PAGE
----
Retail chains in Kenya are fueled by local suppliers who keep them operational through stocking their shelves with their inventory, so as to attract their target customers. While the two parties enjoy a symbiotic relationship, it has not always been a smooth ride. Many local suppliers have been forced to close shops because of cash flow inadequacy as a result of delayed or defaults in payments from the giant retail chains they supply to. Even with the cash flow challenges, local suppliers dutifully keep supplying the retail chains with inventories & services with the hope of staying afloat.
Large debts to suppliers
The collapse of Nakumatt, Uchumi and Tuskys paint a grim picture of the cashflow risks that the suppliers have had to deal with in the past without any legal recourse. The downfall of the trio ripped off suppliers of nearly KES 30 billion. This situation can be best explained in terms of buyer power abuse. Typically, retail chains have the ability to obtain advantageous terms of trade from their suppliers, but this buyer power is often abused when the retail chain significantly gains more bargaining power than the supplier forcing them to put up with their terms which are often unfavorable.
Over the last 6 years, the retail industry has witnessed drastic changes from new market entrants that has seen an upsurge in supplies businesses, product diversification, the COVID-19 pandemic which transformed the shopping experience for consumers among others. In light of these new developments, the Competition Authority of Kenya (CAK), formulated new rules and regulation to ensure an equal, fair and leveled playfield for the parties involved.
The 2021 Retail Code
To address the issue of buyer power abuse which has been an inherent problem in the ecosystem, the CAK in consultation with relevant stakeholders and relevant government agencies formulated the 2021 Retail Code. The code addresses buyer power abuse issues specific to the retail industry and borrows heavily from the UK’s Groceries Supply Code of Practice (the “Groceries Code”) which also provides protection to customers.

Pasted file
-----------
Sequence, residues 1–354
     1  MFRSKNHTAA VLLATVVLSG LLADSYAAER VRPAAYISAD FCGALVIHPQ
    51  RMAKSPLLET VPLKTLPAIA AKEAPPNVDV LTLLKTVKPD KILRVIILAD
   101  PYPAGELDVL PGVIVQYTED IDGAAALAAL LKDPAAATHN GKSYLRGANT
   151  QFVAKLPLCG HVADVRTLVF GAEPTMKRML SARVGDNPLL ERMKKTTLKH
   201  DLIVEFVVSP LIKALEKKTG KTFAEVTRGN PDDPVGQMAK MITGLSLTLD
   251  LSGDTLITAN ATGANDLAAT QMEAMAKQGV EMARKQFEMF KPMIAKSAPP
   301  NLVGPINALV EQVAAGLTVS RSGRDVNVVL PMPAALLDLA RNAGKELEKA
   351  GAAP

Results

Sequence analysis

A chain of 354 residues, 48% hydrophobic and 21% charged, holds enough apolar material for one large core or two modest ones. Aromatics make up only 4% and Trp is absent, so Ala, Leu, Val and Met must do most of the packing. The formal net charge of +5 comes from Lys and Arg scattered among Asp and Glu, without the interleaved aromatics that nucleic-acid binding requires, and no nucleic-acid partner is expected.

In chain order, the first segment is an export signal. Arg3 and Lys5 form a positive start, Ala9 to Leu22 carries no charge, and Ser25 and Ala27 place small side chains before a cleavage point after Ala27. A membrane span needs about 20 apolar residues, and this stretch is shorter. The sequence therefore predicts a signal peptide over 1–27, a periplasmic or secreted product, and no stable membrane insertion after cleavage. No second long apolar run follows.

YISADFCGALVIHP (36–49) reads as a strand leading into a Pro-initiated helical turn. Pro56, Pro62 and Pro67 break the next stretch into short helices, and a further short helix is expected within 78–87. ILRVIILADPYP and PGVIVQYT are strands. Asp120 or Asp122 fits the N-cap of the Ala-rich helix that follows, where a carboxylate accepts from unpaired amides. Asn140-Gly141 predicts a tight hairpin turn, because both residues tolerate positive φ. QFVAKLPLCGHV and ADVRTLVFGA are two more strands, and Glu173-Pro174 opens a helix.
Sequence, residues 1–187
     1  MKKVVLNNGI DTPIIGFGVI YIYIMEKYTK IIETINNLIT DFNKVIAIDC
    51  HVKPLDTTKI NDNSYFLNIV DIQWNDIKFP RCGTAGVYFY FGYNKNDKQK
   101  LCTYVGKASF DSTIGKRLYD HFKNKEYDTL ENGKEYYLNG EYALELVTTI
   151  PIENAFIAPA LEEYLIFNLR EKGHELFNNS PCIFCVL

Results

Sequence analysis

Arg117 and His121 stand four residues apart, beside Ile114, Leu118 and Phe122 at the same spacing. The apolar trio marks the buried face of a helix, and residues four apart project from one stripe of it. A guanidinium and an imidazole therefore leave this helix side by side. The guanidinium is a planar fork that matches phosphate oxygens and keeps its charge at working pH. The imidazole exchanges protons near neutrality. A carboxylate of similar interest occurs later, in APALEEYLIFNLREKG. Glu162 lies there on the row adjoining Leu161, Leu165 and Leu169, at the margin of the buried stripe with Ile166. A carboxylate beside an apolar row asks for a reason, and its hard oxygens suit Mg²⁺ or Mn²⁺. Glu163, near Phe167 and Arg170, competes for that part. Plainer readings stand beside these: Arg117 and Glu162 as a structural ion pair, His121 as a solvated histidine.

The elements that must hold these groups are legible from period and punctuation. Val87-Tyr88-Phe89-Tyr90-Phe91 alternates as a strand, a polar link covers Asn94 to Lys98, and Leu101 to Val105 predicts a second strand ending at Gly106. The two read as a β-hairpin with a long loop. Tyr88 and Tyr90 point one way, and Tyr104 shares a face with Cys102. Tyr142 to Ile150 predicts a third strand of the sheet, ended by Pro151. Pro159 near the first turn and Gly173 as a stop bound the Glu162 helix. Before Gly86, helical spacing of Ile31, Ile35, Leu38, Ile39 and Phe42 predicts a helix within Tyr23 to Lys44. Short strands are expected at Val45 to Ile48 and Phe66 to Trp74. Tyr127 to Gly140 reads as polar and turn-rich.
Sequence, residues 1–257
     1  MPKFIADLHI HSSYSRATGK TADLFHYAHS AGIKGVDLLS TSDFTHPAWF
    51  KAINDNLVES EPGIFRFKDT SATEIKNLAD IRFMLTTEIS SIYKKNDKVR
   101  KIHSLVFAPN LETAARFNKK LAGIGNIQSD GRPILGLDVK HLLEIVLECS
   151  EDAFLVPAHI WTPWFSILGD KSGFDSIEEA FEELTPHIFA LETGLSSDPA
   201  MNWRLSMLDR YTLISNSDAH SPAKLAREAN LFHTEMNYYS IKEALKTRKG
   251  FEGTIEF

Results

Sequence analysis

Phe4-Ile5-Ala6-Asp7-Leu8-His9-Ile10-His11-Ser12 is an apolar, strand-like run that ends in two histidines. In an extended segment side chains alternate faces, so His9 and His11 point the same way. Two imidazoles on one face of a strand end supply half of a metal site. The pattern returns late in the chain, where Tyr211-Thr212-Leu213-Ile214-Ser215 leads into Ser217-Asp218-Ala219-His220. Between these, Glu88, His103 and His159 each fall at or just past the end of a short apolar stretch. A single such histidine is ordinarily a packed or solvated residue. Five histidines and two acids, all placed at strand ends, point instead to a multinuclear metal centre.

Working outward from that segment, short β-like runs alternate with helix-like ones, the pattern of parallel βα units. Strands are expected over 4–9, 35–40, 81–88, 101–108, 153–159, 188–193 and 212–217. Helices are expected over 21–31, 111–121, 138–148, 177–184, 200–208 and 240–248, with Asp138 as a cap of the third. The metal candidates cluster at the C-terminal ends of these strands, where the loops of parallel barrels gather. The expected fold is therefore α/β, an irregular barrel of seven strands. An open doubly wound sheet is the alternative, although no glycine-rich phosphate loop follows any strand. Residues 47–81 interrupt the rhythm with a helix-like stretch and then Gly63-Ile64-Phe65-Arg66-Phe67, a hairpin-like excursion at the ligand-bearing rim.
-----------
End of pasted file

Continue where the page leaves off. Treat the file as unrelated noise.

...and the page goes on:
The Code is founded on the fair dealing principles which applies to all suppliers and retailers including self-selection stores, supermarkets, and hypermarkets. Their relationships must be built on good faith with clarity in terms of production, delivery and payments when dealing with suppliers and product movement, stocking levels and cash flows when dealing with the retailers.
Empowered by the Competition Act, 2010 (the “Act”) as a watchdog in the industry, CAK can now investigate and punish buyer power abuse. Conviction attracts an up to 5-year prison sentence or up to KES 10,000,000 fine. CAK can also impose administrative remedies such as a penalty of up to 10% of the preceding year’s gross annual turnover of the defendant.
The Case of Carrefour vs Orchards Limited
The case is a stellar example of the Retail Code in effect. In 2021, Carrefour was found guilty of abuse of power after Orchards Limited; a local supplier of probiotic yogurt petitioned its case to the CAK on the accounts of; unilateral contract termination without notice to the supplier citing failure to meet the demanding supply chain terms, requirement to pay KES 50,000 as listing fees for each of their products, requirement to pay a further rebate of 10 percent on their second delivery of supplies and 1.25% on their annual sales and transferment of labor cost to Orchards.
CAK ordered the retailer to refund Orchards KES 289,482 in form of rebates within 30 days and pay damages of KES 130,856 for loss arising from the terminated contract. Carrefour was also slapped with a financial penalty of KES 124,768 amounting to 10% of Carrefour’s gross annual turnover from the sale of Orchards product. The company was required to seek CAK’s approval before refusing to accept any goods or returning them for that matter.
The Retail Code fixes the loose ends that the suppliers have always had to worry about when engaging large retail chains. The suppliers have also come up with their own self-protection mechanisms by creating platforms where they can share payment history of different supermarkets to help them understand their creditworthiness.
Retail chains should endeavor to have good working relationships with their suppliers, as it will impact how their businesses grow. They should start by giving them favorable terms, and paying them on time, to ensure that their suppliers remain operational to keep providing them with stock. This will not only save them reputational risk and court cases, but will cultivate a long lasting relationship with the suppliers which will trickle down to a satisfied customer base that will grow their profits.
Author: Inzillia Sasi